International Environmental Protection RegimesEPA Grant Number: U915169
Title: International Environmental Protection Regimes
Investigators: Koehler, Holly R.
Institution: Indiana University
EPA Project Officer: Carleton, James N
Project Period: January 1, 1997 through January 1, 1999
Project Amount: $68,000
RFA: STAR Graduate Fellowships (1997) RFA Text | Recipients Lists
Research Category: Fellowship - Risk Communication , Academic Fellowships , Ecological Indicators/Assessment/Restoration
The objective of this research project is to gain an education and practical working experience that will allow me to understand the complexities and dynamics of developing and maintaining international environmental protection regimes that reconcile divergent interests and achieve their stated goals in a multidisciplinary and effective manner.
Questions under study include:
1. How can international environmental and conservation regimes that are practical, implementable, enforceable, and achieve their goals be developed?
2. How can these regimes be developed so that they do not violate existing global standards or agreements, such as the General Agreement on Tariffs and Trade?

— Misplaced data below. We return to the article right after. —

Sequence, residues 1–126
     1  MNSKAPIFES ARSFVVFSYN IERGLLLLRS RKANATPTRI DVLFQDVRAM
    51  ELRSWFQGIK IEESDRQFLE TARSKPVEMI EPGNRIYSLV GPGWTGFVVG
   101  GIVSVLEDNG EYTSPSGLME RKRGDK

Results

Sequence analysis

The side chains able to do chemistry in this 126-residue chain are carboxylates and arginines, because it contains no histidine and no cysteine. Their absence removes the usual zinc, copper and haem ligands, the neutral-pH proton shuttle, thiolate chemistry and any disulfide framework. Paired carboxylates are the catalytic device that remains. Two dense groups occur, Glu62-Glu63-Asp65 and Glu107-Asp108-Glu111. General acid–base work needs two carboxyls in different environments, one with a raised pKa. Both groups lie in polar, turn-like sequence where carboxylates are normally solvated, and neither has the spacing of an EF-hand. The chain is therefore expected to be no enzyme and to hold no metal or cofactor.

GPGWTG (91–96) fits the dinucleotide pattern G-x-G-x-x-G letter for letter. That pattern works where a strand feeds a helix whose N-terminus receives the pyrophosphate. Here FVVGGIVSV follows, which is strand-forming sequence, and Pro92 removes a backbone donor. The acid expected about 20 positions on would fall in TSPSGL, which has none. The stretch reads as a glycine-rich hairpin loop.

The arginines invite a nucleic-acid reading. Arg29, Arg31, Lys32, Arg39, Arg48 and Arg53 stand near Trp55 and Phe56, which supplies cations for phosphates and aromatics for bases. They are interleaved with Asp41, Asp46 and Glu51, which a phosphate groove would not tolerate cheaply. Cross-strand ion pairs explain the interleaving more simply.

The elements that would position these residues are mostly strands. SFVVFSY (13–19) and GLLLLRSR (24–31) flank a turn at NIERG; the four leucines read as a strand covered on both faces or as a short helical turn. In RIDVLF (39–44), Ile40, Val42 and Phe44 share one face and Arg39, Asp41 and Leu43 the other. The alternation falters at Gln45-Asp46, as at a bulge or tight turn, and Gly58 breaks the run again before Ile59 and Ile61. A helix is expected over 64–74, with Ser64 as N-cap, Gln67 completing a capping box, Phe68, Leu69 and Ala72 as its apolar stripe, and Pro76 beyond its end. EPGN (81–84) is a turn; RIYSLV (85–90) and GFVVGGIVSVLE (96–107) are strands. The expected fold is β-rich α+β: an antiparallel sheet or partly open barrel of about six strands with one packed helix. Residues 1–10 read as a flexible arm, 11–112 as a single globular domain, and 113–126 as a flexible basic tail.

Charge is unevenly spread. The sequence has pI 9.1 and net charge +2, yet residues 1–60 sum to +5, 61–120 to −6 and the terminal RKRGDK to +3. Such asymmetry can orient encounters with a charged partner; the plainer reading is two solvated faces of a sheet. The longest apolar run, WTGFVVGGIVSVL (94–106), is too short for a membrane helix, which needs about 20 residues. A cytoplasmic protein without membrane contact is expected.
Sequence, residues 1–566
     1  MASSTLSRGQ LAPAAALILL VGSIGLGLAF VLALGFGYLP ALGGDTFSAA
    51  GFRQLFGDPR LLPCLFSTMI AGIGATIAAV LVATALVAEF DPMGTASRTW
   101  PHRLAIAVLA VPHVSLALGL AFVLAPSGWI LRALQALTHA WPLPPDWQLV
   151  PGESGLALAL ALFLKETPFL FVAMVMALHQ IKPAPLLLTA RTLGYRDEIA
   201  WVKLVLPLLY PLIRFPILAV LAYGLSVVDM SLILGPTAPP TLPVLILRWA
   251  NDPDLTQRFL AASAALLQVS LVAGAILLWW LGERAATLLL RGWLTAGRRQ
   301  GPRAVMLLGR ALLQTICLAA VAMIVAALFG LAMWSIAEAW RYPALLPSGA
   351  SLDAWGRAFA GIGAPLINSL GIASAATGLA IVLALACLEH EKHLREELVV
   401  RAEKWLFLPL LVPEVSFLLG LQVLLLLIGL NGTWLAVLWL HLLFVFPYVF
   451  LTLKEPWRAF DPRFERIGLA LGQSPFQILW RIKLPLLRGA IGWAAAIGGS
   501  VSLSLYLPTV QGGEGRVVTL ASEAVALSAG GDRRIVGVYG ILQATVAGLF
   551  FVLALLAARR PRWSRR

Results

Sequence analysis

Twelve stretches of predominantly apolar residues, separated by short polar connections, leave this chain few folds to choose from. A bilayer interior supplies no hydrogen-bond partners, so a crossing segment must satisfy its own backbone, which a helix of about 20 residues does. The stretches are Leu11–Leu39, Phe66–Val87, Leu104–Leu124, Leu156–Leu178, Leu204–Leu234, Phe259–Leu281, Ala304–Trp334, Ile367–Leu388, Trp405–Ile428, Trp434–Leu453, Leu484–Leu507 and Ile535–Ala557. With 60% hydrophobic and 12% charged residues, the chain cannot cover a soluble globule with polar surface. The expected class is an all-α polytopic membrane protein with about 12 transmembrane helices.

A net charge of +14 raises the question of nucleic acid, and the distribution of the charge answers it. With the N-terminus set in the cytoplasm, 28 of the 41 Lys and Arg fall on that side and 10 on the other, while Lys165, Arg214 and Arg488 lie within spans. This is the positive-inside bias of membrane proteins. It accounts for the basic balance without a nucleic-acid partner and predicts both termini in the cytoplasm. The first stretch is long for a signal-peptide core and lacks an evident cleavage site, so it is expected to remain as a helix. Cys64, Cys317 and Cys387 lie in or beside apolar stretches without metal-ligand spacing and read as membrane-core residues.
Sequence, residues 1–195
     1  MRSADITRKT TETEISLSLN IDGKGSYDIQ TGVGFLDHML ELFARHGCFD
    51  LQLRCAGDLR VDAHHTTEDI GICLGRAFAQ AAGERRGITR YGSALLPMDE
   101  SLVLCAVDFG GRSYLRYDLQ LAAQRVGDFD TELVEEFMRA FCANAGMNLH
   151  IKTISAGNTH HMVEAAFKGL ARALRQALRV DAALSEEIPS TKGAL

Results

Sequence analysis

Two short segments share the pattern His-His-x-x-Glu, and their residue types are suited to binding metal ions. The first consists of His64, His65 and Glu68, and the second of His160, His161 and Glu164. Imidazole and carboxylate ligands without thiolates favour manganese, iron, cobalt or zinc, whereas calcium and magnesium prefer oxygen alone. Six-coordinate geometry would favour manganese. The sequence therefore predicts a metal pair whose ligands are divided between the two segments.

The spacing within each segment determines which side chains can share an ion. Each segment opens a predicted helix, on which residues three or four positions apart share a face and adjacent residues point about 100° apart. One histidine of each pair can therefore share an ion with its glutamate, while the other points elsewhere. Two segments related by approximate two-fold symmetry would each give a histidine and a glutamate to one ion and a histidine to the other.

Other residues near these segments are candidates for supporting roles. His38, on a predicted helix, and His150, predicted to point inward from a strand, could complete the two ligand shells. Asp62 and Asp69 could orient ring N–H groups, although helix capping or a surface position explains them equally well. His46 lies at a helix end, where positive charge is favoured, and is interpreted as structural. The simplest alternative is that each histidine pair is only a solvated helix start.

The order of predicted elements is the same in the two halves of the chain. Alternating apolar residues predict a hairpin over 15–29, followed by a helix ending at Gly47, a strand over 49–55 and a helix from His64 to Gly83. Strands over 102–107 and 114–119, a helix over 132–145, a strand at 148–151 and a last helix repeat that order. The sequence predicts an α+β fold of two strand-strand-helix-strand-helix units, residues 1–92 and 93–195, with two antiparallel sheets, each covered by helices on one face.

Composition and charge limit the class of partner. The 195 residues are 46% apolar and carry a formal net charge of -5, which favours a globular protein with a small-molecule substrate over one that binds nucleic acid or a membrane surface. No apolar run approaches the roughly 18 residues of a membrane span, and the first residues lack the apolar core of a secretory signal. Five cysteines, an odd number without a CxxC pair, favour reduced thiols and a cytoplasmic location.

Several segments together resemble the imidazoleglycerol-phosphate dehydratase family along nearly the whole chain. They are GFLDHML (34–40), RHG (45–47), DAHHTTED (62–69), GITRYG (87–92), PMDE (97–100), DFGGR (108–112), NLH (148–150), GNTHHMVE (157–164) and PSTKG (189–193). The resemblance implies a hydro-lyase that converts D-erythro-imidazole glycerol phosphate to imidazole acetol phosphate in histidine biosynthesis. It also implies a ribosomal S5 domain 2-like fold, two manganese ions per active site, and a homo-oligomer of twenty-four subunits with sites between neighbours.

3. How do governments negotiate and develop such regimes?
4. What are the motivations, criteria, obstacles, and advantages to forming international environmental and conservation agreements/regimes?
My approach to studying this topic has been to gain dual master's degrees in Public Affairs and Environmental Science from the School of Public and Environmental Affairs. My concentrations in Environmental Policy and Natural Resource Management and Comparative International Affairs will provide both a natural resource policy analysis and international environmental affairs background. During my education, I have focused on this issue in depth through several research papers and projects. The most recent paper examines the current international protection measures for sea turtles and develops an original framework for a multilateral regime designed to conserve and protect sea turtles and other nontarget species from incidental bycatch. In addition to the public policy, environmental science, economics, statistics, and geographical information systems classes I have taken, I completed an internship with the Center for Marine Conservation in Washington, DC, in 1997.